Every artist has a process that is unique to their aesthetic and their chosen media. I'm a "traditional" artist, working with real world materials. In my case, that is mostly cut paper, watercolor pencils, and ink. I thought it might be fun to take you guys on a behind-the-scenes tour of the creation of one a recent portfolio piece.
I chose the German fairytale of the cobbler and the elves. You'll remember that it's about a poor shoemaker, desperate and hungry, down to his last pieces of leather. He had just enough to make one more pair of shoes, the sale of which were all that stood between his family and starvation.
Miraculously, elves come in a series of nights, making shoes so magnificent that the cobbler is pulled up out of poverty. In gratitude, the shoemaker and his wife make clothes for the elves, after which the elves leave and are never seen again.
In deciding on the composition, I took a bit of inspiration from Alfred Hitchcock. I remember watching a documentary about Hitchcock's ingenious ways of getting an audience engaged in his movies. One scene in the film stuck with me, one where there is a woman sitting on a bed, talking on the telephone. The way the scene was shot with the view of her inside the scene partly blocked by a doorway.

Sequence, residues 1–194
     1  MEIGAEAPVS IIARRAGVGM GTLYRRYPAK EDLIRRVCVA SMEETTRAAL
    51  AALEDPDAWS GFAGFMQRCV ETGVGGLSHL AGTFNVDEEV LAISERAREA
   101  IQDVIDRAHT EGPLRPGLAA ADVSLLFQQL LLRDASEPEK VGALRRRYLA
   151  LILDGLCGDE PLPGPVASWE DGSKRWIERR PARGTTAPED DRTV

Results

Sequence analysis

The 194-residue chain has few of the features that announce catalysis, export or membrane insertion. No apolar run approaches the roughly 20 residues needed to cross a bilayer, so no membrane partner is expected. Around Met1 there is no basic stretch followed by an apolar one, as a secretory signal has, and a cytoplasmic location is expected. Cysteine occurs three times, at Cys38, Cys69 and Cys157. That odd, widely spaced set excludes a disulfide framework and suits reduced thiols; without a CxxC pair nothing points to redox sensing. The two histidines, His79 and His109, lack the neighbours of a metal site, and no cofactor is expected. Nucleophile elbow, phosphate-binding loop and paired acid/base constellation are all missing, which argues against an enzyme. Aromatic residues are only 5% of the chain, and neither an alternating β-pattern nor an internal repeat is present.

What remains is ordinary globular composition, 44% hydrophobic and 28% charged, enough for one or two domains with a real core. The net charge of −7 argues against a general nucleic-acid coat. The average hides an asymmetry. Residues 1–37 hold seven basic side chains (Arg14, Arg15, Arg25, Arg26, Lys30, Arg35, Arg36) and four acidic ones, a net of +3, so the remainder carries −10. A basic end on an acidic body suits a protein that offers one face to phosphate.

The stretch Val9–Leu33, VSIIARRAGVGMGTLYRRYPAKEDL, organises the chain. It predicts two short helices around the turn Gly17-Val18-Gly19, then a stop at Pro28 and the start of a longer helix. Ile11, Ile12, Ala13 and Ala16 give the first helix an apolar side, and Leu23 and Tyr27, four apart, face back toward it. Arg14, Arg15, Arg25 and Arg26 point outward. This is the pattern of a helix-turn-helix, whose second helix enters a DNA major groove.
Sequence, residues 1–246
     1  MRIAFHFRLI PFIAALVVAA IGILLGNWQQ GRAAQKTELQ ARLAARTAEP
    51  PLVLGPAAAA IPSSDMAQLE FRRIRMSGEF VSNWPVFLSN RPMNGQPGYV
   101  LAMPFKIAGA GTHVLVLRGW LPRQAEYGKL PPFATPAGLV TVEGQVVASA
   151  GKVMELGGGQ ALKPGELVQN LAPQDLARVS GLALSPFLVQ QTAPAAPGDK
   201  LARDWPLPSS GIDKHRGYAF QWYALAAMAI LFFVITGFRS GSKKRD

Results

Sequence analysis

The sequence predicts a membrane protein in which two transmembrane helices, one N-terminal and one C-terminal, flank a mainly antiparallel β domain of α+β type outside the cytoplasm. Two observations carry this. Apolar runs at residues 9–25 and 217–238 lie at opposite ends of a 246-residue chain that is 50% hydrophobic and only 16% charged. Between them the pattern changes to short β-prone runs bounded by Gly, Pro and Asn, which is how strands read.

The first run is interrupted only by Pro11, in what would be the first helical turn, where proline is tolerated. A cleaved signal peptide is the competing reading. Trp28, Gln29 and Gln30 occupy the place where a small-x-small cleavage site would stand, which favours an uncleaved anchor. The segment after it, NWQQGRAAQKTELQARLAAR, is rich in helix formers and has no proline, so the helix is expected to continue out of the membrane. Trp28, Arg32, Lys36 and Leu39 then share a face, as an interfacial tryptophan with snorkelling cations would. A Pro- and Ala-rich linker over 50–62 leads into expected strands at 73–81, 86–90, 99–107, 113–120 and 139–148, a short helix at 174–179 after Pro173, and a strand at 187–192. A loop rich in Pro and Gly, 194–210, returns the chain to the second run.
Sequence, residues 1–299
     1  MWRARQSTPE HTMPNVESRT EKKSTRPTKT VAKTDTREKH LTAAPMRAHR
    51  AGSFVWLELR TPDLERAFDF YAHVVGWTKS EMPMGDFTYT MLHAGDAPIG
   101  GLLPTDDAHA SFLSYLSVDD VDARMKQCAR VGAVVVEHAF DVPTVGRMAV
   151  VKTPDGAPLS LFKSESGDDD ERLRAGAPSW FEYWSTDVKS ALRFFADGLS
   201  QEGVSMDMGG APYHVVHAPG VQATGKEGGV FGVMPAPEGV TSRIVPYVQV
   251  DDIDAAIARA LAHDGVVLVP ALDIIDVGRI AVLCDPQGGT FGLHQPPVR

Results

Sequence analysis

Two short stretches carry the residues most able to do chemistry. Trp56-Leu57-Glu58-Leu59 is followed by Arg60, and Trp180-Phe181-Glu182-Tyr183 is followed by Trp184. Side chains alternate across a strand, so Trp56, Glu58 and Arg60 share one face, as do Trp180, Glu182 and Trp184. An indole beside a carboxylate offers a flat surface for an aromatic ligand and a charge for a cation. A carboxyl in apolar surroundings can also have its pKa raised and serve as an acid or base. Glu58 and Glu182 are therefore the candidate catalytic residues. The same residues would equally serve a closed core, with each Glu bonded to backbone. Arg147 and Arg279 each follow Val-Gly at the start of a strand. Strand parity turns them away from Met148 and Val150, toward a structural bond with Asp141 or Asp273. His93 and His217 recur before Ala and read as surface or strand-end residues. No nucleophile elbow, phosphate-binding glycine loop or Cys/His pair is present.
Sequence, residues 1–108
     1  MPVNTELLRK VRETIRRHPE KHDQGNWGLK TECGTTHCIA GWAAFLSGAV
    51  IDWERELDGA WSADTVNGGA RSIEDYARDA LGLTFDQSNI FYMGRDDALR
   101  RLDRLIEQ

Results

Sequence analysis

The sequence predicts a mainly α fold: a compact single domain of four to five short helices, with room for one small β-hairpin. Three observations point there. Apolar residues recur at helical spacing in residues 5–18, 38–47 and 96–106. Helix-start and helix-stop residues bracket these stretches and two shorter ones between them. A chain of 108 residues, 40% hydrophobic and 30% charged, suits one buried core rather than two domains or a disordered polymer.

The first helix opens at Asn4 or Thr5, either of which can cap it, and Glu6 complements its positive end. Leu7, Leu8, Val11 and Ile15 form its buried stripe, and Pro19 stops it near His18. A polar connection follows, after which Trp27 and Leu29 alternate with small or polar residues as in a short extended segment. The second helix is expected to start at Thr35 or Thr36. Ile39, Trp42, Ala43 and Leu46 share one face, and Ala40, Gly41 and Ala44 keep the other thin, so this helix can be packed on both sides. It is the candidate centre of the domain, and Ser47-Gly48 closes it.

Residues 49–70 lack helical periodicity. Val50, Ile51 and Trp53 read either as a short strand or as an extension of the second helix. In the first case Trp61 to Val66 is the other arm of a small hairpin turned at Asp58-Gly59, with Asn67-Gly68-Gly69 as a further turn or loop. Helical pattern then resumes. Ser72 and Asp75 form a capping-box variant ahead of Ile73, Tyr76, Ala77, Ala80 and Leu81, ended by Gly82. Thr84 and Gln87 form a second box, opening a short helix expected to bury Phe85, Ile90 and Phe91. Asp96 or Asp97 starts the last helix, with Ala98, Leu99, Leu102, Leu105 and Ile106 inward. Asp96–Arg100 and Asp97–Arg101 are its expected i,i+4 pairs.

The director said that he'd always remember how during the test screening, that the audience all lean sideways at that scene, as if to crane their necks around the doorway to better see the woman inside.
Borrowing from that idea, I placed the cobbler on the outside of the frame, peaking in at the elves, taking us the viewers with him.
You'll notice that placement of the orange elf changed from conception to the final piece, leaving more space in the middle for the gutter. (The "gutter" is the middle fold in a book. In a two-page spread, the illustrator needs to be sure nothing of importance is place in that area, as it will be swallowed up by the bend where the pages come together.)
As much as planning as I put into this piece, it still managed to surprise me (in a good way) at the final result, kind of like that cobbler finding the elves hard at work on beautiful shoes.
Thank you for letting me share this with you all. I hope you enjoyed it.
Check back soon for a follow up interview with one of our previous "first looks/first books" authors. She has some cool news to share! Until then...